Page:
Star clusters appear constant because photographs of
them are frozen in time.
In reality, though,
swarm the center and frequently fluctuate in brightness.
Although the time it takes for stars to
cross a cluster is about 100,000 years,
the time it takes for a star to fluctuate noticeably
can be less than one night.
In fact, the above time lapse movie of bright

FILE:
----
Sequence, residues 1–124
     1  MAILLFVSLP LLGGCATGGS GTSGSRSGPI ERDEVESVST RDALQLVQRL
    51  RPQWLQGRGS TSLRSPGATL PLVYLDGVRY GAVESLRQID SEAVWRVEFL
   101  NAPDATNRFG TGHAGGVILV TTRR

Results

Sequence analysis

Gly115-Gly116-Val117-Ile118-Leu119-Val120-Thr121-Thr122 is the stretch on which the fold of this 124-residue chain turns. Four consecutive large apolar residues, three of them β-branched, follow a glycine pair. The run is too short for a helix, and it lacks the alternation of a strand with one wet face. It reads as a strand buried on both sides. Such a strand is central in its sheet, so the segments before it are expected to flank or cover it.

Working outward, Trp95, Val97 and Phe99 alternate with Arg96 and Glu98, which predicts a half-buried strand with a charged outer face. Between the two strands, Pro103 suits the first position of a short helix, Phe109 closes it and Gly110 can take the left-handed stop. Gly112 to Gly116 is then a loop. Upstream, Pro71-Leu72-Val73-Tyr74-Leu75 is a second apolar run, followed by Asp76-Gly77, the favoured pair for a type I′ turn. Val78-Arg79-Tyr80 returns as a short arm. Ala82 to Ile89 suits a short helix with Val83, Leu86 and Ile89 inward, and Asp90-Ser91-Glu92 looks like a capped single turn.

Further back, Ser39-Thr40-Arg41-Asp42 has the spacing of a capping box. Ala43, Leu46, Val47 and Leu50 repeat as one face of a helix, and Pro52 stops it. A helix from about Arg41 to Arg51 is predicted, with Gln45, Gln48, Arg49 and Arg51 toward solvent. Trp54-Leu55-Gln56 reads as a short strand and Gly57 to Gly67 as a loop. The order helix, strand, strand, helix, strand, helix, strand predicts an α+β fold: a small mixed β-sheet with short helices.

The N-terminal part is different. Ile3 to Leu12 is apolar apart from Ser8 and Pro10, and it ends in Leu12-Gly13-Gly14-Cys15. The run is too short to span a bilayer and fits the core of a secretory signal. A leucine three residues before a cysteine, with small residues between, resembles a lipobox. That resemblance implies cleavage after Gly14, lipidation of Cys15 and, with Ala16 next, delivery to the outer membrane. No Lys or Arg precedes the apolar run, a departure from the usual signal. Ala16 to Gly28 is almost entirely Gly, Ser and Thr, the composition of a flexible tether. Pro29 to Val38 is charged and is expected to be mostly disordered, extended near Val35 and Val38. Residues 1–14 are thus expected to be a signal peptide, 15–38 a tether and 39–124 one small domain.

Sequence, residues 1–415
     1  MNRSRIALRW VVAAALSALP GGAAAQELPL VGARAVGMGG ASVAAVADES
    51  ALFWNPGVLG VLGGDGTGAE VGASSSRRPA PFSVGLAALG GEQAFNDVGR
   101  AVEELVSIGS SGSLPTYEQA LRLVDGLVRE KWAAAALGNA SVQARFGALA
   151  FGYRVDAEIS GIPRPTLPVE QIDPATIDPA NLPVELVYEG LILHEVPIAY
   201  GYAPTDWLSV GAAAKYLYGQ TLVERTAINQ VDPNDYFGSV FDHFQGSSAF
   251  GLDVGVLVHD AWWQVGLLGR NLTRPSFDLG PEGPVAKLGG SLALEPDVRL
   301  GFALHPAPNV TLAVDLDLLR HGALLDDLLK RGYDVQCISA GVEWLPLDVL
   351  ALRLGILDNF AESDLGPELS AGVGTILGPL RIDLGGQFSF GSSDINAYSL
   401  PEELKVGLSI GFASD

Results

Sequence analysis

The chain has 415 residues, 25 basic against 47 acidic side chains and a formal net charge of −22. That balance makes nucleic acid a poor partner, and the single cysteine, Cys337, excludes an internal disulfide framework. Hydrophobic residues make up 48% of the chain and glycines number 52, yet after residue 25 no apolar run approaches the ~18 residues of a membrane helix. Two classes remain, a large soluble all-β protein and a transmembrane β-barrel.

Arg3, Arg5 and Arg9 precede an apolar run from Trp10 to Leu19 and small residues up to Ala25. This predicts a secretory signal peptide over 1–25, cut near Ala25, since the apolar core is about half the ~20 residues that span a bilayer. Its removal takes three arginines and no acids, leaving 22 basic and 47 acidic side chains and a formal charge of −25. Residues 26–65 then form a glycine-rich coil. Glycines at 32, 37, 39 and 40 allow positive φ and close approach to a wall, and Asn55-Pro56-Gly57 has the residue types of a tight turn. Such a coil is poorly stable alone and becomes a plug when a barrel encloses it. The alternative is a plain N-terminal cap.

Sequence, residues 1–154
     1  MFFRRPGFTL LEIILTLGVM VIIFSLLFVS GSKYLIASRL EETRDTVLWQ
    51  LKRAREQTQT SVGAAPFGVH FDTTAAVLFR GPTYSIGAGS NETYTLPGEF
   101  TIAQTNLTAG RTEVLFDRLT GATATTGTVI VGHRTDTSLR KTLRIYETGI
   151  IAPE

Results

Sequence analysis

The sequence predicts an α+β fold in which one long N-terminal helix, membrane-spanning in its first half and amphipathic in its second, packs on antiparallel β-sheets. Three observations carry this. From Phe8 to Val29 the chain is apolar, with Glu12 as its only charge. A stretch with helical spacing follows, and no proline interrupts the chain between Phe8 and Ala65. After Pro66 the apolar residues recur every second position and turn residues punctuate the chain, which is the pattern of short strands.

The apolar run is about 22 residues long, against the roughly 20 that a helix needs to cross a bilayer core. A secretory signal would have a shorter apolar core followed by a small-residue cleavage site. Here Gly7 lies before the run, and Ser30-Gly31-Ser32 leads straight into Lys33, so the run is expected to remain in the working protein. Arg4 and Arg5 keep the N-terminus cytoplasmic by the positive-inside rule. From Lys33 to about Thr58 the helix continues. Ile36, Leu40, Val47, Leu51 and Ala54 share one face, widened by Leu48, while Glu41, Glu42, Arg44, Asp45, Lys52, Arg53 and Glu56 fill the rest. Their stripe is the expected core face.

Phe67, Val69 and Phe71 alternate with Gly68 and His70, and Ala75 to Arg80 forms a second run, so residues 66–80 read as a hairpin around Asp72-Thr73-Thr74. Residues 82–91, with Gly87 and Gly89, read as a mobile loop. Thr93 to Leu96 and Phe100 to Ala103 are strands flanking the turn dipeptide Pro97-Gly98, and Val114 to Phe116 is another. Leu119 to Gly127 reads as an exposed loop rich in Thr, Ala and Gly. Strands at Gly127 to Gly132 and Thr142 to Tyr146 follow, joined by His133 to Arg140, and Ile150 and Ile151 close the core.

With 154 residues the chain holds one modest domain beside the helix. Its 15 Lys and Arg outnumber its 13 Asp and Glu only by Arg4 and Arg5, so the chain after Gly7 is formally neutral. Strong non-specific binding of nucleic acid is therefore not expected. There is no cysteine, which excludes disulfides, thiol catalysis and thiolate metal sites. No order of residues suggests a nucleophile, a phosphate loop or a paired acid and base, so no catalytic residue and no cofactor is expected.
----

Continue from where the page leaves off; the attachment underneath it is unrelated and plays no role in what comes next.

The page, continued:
M3 was taken over a single night.
Most of the variable stars
visible above are
RR Lyrae stars, stars that can quickly double their
brightness while becoming noticeably bluer.
Furthermore, RR Lyrae stars vary their light in a distinctive pattern
that allows unique identification.
Lastly, since RR Lyrae stars all have the same intrinsic brightness,
identifying them and measuring how dim they appear
tells how far they are, since
faintness means farness.
These distances, in turn, help calibrate the
scale of the entire universe.